Slayer World Painted Blood

by Derric Miller
Staff Writer

slayerWorld Painted Blood. Why not? Slayer has always used hyperbole to the Nth degree in album and song titles, and the new Slayer album aptly titled World Painted Blood continues that psychotic legacy. Less Satanic than God Hates Us All and Christ Illusion, Slayer seems to have somehow rekindled their love for violence-themed Speed/Thrash Metal, often tinged with Punk, to create a newly energized sound on World Painted Blood.

Not one to beat around the bush, the album’s title track is up first. “World Painted Blood” is another Slayer song that is both technically adept, especially with Dave Lombardo’s drumming, yet wildly chaotic, thanks to the snarling guitar solos from Hanneman and King. As always, Tommy Araya’s vile vocals stand above the entire genre as his spite and venom mix with articulation and quasi-hidden melody. In other words, “World Painted Blood” is awesome …

For sheer speed, “Snuff” is immense. The opening guitar solo bleeds violence, and Lombardo proves once again why drummers compare themselves to him in this arena. “Is he as good as Lombardo?” No, whoever he is, he’s not. Just check out the drumming during the raging guitar solos and try to keep up. When Araya starts screaming, “Killing is my future, murder is my future!” your blood will boil.

It’s not always about speed, though. When you get to “Beauty Through Order,” which begins at a bit more mid-tempo pace, you’ll be reminded of masterpieces like “Dead Skin Mask.” Araya, although he might not want to admit it, can hit all the notes and owns various subtleties to his vocal style that make him multi-faceted as a singer, even if most of the time he’s merely yelling on-key. Plus, hearing “God did not do this!” is almost as rabid as him singing “Dance with the dead in my dreams!”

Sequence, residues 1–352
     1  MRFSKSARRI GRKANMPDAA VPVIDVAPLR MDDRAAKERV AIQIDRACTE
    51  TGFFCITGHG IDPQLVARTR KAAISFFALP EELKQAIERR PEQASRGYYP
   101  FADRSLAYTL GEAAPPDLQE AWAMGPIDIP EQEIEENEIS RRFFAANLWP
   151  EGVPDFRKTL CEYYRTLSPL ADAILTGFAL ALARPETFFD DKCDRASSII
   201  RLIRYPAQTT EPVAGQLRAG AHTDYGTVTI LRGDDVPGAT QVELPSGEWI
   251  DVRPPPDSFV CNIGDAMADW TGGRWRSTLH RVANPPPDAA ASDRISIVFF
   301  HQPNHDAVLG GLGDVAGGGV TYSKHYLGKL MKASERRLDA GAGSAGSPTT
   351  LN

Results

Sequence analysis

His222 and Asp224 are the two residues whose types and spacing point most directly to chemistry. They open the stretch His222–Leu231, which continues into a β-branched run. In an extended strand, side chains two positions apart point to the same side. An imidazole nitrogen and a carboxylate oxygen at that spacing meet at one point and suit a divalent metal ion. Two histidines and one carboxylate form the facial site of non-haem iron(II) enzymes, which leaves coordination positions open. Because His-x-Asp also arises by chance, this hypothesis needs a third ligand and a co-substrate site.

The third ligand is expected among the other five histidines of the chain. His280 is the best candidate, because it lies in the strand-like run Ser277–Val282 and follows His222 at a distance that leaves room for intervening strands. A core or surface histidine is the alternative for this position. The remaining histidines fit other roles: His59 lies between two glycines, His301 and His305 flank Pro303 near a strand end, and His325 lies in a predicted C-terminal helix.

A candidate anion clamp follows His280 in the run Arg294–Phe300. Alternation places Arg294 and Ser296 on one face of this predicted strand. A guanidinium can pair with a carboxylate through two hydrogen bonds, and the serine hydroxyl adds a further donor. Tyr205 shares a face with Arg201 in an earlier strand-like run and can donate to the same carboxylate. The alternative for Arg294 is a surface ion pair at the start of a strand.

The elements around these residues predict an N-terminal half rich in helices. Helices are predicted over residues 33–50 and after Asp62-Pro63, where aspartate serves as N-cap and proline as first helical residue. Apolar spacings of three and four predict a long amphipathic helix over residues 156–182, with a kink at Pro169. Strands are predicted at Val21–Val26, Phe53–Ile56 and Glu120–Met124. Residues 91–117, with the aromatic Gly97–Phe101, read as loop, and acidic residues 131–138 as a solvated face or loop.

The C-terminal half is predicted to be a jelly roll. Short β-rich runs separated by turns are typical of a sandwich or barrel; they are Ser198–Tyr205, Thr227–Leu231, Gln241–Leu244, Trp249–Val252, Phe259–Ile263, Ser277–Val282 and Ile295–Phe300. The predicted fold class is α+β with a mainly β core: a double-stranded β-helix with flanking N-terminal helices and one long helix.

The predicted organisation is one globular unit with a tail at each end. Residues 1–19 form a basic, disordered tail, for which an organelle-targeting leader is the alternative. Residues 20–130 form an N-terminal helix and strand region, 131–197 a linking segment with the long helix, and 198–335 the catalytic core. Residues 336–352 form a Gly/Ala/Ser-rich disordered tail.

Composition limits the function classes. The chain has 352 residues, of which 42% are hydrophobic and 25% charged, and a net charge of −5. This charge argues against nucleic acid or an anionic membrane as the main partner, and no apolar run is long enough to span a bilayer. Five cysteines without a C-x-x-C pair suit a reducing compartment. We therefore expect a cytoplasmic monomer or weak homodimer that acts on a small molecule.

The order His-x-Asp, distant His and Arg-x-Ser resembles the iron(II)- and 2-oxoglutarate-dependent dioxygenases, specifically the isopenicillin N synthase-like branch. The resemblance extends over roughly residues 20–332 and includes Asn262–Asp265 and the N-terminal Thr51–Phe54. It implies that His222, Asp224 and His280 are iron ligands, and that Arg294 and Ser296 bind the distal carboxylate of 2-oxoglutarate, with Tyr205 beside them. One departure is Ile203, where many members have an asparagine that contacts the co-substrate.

“Psychopathy Red” is one of the heaviest and fastest songs on World Painted Blood, with jarring breakdowns between the verses that feature drum and bass solos. As with most Slayer guitar solos, the notes scream and shriek instead of just “sound.” The few stark tempo changes and vocal onslaught should make any classic Slayer fan drool.

Their first single is “Playing With Dolls,” and in a lot of ways, it sounds like Danzig at first. Araya completely removes the edge from his voice during the first couple verses, but quickly goes back to a more guttural style during the chorus, yelling “Die in front of me!” This is the track that proves Slayer is no one-trick-pony, and although they can be counted besides the heaviest bands in the world, they can also write a Heavy Metal song outside the Thrash genre. For a multitude of fans, this will probably be their favorite new Slayer song, because it has everything you’d want in a Metal anthem.

“Not of This God,” the closing track, sounds like it could be off of Reign in Blood. It doesn’t sound dated, but it’s vehemently heavy like “Jesus Saves,” albeit more technical. “You call him the Messiah, I see a reckless fraction based on mental slavery!” They’ve come a long way since “Jesus saves, listen to you pray …”

As long as Araya, Hanneman, King and Lombardo keep making music as Slayer, they will be the force to be reckoned with in the genre. The word is they’ll be touring with Anthrax, Megadeth and Metallica as the “Big Four,” but who is really everyone coming to see? With Metallica living off their past success and Anthrax switching singers back and forth, only Megadeth is close to as relevant as Slayer. But they don’t play the same style of music as Slayer, and their following just isn’t as loyal. World Painted Blood is proof that Slayer is the “Big One,” and the rest can follow.

Label: Sony


Track listing:
1. World Painted Blood
2. Unit 731
3. Snuff
4. Beauty Through Order
5. Hate Worldwide
6. Public Display Of Dismemberment
7. Human Strain
8. Americon
9. Psychopathy Red
10. Playing With Dolls
11. Not Of This God

HRH Rating: 8.6/10